Inhibits protein synthesis at the translation initiation level, in response to various stress conditions, including oxidative stress, heme deficiency, osmotic shock and heat shock. Exerts its function through the phosphorylation of EIF2S1 at 'Ser-48' and 'Ser-51', thus preventing its recycling. Binds hemin forming a 1:1 complex through a cysteine thiolate and histidine nitrogenous coordination. This binding occurs with moderate affinity, allowing it to sense the heme concentration within the cell. Thanks to this unique heme-sensing capacity, plays a crucial role to shut off protein synthesis during acute heme-deficient conditions. In red blood cells (RBCs), controls hemoglobin synthesis ensuring a coordinated regulation of the synthesis of its heme and globin moieties. Thus plays an essential protective role for RBC survival in anemias of iron deficiency. Similarly, in hepatocytes, involved in heme-mediated translational control of CYP2B and CYP3A and possibly other hepatic P450 cytochromes. May also contain ER stress during acute heme-deficient conditions.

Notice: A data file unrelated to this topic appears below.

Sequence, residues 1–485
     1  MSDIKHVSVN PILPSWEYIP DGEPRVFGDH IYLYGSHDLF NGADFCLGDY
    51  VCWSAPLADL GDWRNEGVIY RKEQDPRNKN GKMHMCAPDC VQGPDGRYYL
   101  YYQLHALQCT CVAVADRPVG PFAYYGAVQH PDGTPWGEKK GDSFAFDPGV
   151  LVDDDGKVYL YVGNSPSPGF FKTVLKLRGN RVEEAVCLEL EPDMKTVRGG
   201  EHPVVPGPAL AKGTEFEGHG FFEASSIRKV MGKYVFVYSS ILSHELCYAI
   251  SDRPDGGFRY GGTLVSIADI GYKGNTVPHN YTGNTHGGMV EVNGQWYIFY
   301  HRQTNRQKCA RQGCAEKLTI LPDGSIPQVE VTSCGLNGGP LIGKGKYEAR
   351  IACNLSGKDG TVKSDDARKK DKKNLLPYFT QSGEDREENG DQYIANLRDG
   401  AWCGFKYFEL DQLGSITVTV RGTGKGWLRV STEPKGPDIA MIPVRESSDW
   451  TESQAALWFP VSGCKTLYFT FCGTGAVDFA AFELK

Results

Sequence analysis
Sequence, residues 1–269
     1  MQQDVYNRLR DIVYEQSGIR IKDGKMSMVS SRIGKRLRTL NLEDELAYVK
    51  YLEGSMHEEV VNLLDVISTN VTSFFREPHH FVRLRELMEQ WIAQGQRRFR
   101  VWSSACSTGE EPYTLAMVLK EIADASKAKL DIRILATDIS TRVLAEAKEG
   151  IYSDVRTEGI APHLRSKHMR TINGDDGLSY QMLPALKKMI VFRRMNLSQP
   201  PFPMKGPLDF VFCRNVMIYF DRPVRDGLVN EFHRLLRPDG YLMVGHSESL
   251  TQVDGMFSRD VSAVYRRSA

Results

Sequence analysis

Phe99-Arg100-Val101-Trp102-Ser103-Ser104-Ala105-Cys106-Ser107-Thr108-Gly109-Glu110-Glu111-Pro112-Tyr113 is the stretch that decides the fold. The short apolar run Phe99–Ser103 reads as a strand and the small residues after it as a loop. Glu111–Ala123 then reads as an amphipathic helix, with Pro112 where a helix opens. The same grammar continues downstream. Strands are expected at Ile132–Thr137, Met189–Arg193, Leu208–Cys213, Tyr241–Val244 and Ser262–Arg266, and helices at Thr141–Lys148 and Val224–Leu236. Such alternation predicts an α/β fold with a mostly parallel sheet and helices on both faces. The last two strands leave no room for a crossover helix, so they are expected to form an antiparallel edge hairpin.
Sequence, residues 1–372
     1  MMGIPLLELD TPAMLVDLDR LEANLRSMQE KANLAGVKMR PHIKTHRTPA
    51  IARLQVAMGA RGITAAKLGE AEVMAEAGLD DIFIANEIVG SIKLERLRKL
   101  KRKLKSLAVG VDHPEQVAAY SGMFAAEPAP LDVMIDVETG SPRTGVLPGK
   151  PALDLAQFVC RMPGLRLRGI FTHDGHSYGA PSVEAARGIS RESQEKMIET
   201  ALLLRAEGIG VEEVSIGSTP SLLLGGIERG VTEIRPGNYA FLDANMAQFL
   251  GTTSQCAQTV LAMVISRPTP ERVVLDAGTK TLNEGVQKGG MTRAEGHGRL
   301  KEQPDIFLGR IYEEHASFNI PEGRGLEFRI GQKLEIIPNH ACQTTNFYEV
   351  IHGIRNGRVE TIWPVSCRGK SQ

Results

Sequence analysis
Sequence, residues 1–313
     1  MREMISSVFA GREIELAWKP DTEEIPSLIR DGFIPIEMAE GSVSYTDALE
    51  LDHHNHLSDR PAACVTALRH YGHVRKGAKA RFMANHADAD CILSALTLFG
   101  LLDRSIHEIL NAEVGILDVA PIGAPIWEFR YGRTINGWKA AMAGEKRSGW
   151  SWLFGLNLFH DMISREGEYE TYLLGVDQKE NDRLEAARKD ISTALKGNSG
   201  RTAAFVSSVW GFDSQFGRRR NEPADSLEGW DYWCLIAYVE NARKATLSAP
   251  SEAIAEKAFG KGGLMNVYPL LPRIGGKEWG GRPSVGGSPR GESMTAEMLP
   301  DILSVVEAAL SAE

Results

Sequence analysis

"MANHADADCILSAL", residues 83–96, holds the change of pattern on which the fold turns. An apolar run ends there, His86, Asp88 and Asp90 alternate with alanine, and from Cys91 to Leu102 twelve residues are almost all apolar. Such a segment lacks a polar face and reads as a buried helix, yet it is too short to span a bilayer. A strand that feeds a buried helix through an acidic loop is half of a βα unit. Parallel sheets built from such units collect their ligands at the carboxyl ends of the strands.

Expressed predominantly in erythroid cells. At much lower levels, expressed in hepatocytes (at protein level).
Belongs to the protein kinase superfamily. Ser/Thr protein kinase family. GCN2 subfamily. Contains 2 HRM (heme regulatory motif) repeats. Contains 1 protein kinase domain.
Activated by autophosphorylation; phosphorylated predominantly on serine and threonine residues, but also on tyrosine residues. Autophosphorylation at Thr-488 is required for kinase activation. The active autophosphorylated form apparently is largely refractory to cellular heme fluctuations.